• Data science graduate program
  • Outdoor education leadership major
  • Sports administration major
  • Joint MBA/MPH graduate program
  • Montessori infant/toddler certification
  • Joint CBE business-communication major
  • Conversion of our FNP and MSNA graduate programs into DNP programs

In addition, we are exploring ways to support increased enrollment in our current computer science program to meet the demanding workforce needs for computer software engineers and data science managers.

Strategic Investments

We are also making a number of strategic investments that we believe will help increase enrollment.

We're expanding the Jewett Center for the Performing Arts and I'm hopeful that we'll be ready to break ground sometime in 2017. The Florence J. Gillmor School of Music will be a magnificent addition to our campus.

Our athletic programs are also expected to see enrollment gains from our move from NAIA to NCAA Division II. We have made it through the first year of the three-year provisional process and look forward to full eligibility by 2018. Our athletic plan also calls for the addition of several new club sports.

We want to increase enrollment in our project-based or CBE programs and are investing Dumke Opportunity Funds to make that happen. Last month we received the results from a marketing study done by the Cicero Group that outlines clear strategies on how we might increase demand for these programs.

And we will continue to roll out several recruitment strategies associated with our new Veterans Center, which had a successful first year.

Most of these strategic investments are funded by outside donors and we are hopeful that they will provide enrollment lift for these particular programs.

Affordability and Sustainability

Finally, we need to find ways to ensure affordability and sustainability while providing a reliable and accessible education for our students. To do this, we need to evaluate our current programs to make sure that we're focusing our effort and energy in areas that provide the best possible experience for our students.

Comprehensive Campaign

We are currently in the feasibility and silent phase of our comprehensive campaign. Three key funding opportunities have emerged in the early development of the campaign.

The first opportunity is to provide funds for additional scholarships to recruit and retain our students. I'm thrilled that we received a $1M commitment this past year from the Meldrum Foundation to provide scholarships for first generation college students. And we want to carry that momentum forward to encourage others to give to scholarships to help as many students as we can.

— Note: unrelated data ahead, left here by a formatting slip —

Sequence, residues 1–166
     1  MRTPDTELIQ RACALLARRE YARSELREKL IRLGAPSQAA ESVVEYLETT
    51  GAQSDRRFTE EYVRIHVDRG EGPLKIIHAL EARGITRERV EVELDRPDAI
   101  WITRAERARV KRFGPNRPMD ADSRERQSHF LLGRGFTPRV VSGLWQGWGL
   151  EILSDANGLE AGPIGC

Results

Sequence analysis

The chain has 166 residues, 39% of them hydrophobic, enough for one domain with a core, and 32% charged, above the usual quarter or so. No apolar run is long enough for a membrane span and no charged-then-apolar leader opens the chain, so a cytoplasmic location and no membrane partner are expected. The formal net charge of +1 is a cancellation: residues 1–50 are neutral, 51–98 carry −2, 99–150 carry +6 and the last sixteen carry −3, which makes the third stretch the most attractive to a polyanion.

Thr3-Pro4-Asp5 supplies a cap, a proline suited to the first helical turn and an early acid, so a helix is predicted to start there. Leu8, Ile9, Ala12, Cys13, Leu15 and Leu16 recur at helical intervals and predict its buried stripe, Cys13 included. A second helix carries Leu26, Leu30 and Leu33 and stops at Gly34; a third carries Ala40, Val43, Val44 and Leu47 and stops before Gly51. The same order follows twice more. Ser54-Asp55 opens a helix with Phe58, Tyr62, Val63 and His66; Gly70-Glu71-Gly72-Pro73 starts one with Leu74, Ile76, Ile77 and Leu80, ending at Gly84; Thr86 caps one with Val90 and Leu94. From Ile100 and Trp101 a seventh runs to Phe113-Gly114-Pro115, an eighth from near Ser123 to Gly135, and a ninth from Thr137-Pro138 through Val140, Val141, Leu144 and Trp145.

The second opportunity is the creation of an Honors College. The Honors program has seen a record numbers of applications in the last few years and is currently at maximum capacity. Expanding to an Honors College would increase the number of Honors students we are able to accept.

And the third opportunity is to provide funds to support place-based learning, including finding dedicated facilities, student scholarships, and funds for undergraduate research, a field station, a possible geology field camp, and an endowment for the new Institute for Mountain Research and the Great Salt Lake Institute.

These opportunities have been chosen for the comprehensive campaign for their potential to make life-changing experiential learning opportunities accessible to our students.

But we all know that, ultimately, we're a tuition-dependent institution and a solid enrollment plan is crucial to our success.

Enrollment Plan

We are working on a viable enrollment plan. As I mentioned in the last Presidential Post, the Cicero Group has been on campus over the last month, reviewing and assessing our current recruiting, admissions, and enrollment functions.

In addition, we've started the search for our new vice president of enrollment management. We have hired a search firm to do a national search and expect to bring candidates to campus by late October.

At the end of this process, we are confident that we will have an enrollment leader capable of leading us through the changes that need to occur.

Financial Plan

While we hope our enrollment plan will strengthen student demand and provide additional resources, we also have to find strategic ways to cope with the reality of our current situation.

Our 2016–17 budget was initially based on higher enrollment numbers than we were able to achieve.

Earlier this summer I announced that we've identified $2M in potential savings from our $65M budget to offset any shortfall we may have. While final enrollment numbers and net tuition won't be settled until the end of September, we still want to be cautious with the budget.

The initial areas we identified for potential cost-saving are revenues identified since the budget was balanced, reductions in debt service, savings in health and dental insurance, and one-time offsets from restricted accounts.

We will continue to evaluate other areas for potential budget savings. The last few years of low enrollment have left us with limited resources and we have to be looking at how to most effectively use the resources that we have.

Focus

That leads me to my final point. I want to talk about focus.

As it stands now, everyone on campus is spread too thin. We're going in too many different directions.

We need to focus on the areas that contribute the most value to our mission. And that means we're going to have to stop doing some things.

To help us do this work, we've created the Planning and Priorities Committee.

The committee is made up of faculty and staff representatives, and together, they will work to provide input into campus planning, transparency, and link the budget process with the strategic planning process.

They will help us focus. They will help us decide what things not to do.

The committee will be meeting twice a month starting in September.